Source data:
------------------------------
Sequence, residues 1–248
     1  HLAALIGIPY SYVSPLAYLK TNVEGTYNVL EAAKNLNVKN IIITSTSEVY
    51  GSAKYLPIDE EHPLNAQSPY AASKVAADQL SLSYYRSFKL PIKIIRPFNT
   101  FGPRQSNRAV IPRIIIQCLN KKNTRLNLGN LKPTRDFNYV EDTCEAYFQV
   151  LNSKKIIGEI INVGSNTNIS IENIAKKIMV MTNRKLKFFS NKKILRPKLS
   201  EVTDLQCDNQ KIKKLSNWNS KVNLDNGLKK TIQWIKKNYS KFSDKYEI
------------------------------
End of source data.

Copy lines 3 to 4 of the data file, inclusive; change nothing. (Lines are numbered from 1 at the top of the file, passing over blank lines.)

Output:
    51  GSAKYLPIDE EHPLNAQSPY AASKVAADQL SLSYYRSFKL PIKIIRPFNT
   101  FGPRQSNRAV IPRIIIQCLN KKNTRLNLGN LKPTRDFNYV EDTCEAYFQV